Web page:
by Dr. Steven Plunkett
My Mother lives alone in a senior living facility. She is a remarkably healthy 98-year-old. Her last hospitalization was 65 years ago when my younger sister was born.
She still walks to Trader Joe’s to buy her groceries, and hand carries her purchases back home with her. She is also an optimist. Every day is a good day, and she never admits to having any aches or pains, in spite of the fact that I know 98-year-old people are never without some discomfort. I’m sure she has health issues lurking beneath that optimistic surface in her 98-year-old body.
My aunt Genevieve, Mom’s sister, just turned 97. She lives in the same senior living facility,but in a separate unit on another floor. Although generally healthy, she has periodic bouts of bronchitis and a non-productive cough. She’s also an optimist, never having a particularly bad day. She too is quite active, and often accompanies Mom on her walks to Trader Joe’s (although my Mom has to carry the wine back, because it’s too heavy for Genevieve).
My mother and aunt live 244 miles away from me. As a physician, I understand, perhaps more than others, the fragility of life, especially for the elderly. I know clinical decline can occur quickly and unexpectedly, often with serious consequences. I’m also acutely aware that early detection and timely intervention are critical to making a healthy recovery.
With the current Covid-19 pandemic and the accompanying mandates for social distancing and isolation, it becomes increasingly difficult to assess the status of our loved ones in senior living facilities. The elderly are at highest risk, and senior living facilities have been particularly hard hit during the pandemic. As of mid-April, over 10,000 nursing home residents have died of Corona Virus, and over 1/5 of all deaths in the US have occurred in nursing homes or other senior living facilities.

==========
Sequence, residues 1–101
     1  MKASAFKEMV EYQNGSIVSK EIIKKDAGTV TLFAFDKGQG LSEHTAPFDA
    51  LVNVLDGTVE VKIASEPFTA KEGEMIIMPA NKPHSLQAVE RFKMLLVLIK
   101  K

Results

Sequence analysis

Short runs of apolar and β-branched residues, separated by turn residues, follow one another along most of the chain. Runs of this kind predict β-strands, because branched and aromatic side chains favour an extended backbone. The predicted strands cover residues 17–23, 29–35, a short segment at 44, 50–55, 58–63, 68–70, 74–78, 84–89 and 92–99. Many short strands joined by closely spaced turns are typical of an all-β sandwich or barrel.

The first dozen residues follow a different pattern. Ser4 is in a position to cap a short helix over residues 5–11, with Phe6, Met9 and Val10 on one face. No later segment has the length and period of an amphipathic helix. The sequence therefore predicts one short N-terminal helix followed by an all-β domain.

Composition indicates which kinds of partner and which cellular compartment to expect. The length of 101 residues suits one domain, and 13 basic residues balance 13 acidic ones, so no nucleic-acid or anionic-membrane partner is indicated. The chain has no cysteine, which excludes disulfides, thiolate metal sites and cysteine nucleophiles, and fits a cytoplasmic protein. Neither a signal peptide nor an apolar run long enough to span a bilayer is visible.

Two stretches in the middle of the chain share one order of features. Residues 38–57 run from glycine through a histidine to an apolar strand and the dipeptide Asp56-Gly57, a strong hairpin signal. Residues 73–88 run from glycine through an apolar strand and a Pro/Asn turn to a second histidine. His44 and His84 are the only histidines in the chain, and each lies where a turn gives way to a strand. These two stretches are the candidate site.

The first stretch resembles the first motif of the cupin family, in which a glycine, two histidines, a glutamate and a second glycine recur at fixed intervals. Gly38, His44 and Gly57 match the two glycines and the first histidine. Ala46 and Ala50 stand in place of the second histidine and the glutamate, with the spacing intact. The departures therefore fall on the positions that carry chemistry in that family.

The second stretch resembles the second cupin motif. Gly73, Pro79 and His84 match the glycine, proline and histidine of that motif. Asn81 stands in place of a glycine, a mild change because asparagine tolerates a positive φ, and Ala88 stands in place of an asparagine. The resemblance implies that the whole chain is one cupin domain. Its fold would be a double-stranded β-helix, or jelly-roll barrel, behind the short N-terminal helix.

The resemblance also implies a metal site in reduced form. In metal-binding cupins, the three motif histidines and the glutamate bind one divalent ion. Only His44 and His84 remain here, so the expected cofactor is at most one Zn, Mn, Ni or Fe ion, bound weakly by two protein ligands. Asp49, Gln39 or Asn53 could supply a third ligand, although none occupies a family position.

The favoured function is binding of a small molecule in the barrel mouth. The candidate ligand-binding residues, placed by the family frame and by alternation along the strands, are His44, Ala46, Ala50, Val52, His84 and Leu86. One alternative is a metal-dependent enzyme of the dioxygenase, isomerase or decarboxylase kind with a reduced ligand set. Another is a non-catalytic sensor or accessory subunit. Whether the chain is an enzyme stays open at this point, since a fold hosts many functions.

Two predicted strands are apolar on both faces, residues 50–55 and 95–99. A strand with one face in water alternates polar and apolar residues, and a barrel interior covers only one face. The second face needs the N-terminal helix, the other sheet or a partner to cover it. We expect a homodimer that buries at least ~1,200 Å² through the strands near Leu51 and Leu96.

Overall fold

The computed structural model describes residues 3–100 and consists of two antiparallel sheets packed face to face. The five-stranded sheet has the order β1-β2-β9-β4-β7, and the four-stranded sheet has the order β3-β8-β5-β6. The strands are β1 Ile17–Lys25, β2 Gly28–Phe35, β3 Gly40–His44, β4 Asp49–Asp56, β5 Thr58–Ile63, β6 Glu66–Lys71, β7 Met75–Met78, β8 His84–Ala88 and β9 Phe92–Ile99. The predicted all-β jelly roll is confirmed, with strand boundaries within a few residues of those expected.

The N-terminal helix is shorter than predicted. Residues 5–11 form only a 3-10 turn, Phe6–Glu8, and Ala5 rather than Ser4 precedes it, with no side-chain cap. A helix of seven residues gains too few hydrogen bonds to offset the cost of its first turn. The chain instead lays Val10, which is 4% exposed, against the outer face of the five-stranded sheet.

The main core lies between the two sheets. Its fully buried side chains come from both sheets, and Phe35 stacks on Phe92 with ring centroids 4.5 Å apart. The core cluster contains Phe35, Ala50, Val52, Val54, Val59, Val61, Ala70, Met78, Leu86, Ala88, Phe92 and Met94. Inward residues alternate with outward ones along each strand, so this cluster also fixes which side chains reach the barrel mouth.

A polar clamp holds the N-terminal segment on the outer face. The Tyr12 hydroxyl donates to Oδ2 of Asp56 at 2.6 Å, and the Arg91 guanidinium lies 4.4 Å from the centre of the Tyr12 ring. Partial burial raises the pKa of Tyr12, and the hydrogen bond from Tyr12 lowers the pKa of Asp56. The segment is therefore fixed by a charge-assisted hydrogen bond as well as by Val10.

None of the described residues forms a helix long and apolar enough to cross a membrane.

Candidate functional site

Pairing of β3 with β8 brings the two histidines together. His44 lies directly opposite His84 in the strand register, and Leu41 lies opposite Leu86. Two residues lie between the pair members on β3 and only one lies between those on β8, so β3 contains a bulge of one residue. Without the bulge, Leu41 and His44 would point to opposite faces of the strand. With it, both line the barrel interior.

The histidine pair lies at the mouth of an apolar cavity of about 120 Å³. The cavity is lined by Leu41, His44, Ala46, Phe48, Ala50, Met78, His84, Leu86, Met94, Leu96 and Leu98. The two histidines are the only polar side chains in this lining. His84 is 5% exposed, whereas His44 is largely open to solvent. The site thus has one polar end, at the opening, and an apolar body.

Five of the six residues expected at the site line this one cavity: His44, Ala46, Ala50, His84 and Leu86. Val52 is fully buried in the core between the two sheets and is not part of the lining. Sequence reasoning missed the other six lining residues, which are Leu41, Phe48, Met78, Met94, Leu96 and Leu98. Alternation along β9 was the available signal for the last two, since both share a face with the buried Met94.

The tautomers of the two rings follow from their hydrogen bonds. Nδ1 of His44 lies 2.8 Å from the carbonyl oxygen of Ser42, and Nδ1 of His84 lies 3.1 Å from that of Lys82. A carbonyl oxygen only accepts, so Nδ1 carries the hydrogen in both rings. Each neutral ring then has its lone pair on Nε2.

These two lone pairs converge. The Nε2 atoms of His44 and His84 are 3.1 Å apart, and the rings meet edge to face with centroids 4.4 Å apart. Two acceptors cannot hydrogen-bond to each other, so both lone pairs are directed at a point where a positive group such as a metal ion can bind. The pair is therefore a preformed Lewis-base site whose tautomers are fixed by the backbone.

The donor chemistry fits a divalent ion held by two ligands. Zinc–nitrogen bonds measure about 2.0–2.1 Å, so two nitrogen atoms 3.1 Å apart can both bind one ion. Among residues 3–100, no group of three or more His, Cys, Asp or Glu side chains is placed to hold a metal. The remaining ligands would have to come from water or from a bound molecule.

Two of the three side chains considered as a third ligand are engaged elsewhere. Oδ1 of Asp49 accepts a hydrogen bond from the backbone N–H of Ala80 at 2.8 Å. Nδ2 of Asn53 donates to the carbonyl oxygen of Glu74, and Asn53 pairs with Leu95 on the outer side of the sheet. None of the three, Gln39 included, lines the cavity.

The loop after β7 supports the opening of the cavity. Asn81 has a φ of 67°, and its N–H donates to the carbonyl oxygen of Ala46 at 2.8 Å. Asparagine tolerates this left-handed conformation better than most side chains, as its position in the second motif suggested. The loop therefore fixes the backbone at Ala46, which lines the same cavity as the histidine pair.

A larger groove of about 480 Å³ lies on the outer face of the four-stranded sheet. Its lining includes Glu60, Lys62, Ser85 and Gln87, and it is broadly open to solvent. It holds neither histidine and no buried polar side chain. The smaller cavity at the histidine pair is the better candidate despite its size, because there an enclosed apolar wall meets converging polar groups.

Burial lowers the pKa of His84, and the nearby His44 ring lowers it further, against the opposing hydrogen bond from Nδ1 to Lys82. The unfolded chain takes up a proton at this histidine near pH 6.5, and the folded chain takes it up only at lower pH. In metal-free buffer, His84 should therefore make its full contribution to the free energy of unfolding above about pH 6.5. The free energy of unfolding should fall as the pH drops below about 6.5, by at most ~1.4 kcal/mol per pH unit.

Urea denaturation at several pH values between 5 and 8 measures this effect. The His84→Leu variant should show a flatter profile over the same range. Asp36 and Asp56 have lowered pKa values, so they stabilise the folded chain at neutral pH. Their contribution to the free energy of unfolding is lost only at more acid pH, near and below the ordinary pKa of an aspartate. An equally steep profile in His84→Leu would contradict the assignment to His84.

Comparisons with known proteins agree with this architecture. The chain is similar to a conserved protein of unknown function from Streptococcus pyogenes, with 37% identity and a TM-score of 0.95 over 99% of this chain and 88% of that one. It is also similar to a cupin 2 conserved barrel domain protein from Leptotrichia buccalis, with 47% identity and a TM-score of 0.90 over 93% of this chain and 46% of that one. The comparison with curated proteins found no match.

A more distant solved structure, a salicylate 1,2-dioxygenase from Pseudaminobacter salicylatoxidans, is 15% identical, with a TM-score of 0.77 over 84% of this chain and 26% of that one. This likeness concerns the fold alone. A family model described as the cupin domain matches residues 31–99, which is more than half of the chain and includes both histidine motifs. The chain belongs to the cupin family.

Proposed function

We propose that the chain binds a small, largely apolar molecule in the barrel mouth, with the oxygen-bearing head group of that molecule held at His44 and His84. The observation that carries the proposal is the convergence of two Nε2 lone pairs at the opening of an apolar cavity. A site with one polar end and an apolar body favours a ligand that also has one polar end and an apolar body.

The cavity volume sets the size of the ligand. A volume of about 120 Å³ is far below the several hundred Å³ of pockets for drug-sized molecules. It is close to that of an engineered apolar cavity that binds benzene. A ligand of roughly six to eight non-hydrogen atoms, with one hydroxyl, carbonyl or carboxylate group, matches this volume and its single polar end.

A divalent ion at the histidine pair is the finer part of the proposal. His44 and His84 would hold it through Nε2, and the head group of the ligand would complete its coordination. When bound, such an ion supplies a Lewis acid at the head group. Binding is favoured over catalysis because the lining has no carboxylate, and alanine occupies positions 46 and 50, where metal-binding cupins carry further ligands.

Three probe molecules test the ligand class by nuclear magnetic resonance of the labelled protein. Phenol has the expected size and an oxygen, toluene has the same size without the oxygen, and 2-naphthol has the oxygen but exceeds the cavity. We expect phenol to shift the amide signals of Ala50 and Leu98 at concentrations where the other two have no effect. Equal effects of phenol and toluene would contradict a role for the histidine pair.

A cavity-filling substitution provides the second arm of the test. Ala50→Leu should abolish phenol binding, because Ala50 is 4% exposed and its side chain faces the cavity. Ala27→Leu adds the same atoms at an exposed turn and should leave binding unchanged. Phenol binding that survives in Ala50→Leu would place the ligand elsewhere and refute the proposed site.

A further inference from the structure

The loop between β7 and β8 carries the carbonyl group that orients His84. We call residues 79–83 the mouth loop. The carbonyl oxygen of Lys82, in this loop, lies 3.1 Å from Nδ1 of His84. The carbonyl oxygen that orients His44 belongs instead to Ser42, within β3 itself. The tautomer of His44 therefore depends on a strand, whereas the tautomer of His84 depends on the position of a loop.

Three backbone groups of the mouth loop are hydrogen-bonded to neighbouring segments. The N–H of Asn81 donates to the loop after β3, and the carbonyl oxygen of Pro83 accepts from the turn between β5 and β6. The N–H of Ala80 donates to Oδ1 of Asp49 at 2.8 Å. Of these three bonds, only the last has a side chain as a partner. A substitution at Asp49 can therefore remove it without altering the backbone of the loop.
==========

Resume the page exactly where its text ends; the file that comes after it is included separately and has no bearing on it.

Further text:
To date, no treatment has been proven effective, and currently there is no vaccine.
A common symptom of the virus is shortness of breath and/or difficulty breathing. Most patients who become critically ill present with respiratory rates of 30 breaths per minute and higher. This virus is highly contagious. Those who are elderly and compromised have much greater risks of irreversible organ damage. It is likely they develop a sepsis-like syndrome in which the virus spreads internally and impairs the function of multiple organ systems.
And it’s not just the Covid-19 infection that is of concern in the senior population. Even without the current pandemic, the elderly remain at significant risk for other life-threatening conditions, including generalized sepsis, pneumonia, pulmonary embolus, heart failure, and medication overdoses. Respiratory rate change is an important early warning sign of these other conditions as well.
Senior living facilities have taken measures to limit the Covid-19 risk by restricting visitors. Residents are spending more time alone. It has become difficult for family members to have one-on-one contact with their loved ones. Although social distancing restrictions will likely be eased going forward, the elderly are at such high risk, social distancing in some form will likely remain in effect for this group.
As I became increasingly concerned about the health of my mother and aunt, I searched for an effective way to monitor them in a reliable, unobtrusive way. The Keenly Virtual Medical Assistant was the ideal solution. With it, I have the ability to know when they go to bed, how well they have slept, and when they leave the bed. Even more important, I have an ongoing real time assessment of their respiration.
The dashboard is very user friendly, and I can change the settings to follow the data over a number of hours, days, or a week at a time. The monitor is easy to read, and the feedback is extremely helpful. I can log on anytime to obtain a real time assessment of their status. As they become more debilitated and require health care personnel to check on them, the device will also allow me to determine that the nurses are visiting them at the appropriate intervals. During a quarantine in which visitation isn’t possible, I can still monitor their condition on a regular basis.
With the Keenly device I have the assurance of knowing that my mother and aunt are stable and healthy. I don’t have to rely solely on their telling me they “feel fine”, and I don’t have to worry if, for some reason, they don’t answer the phone when I call. I have learned that by knowing they are healthy and getting a good night’s sleep, I get a good night’s sleep as well.
Steven Plunkett, MD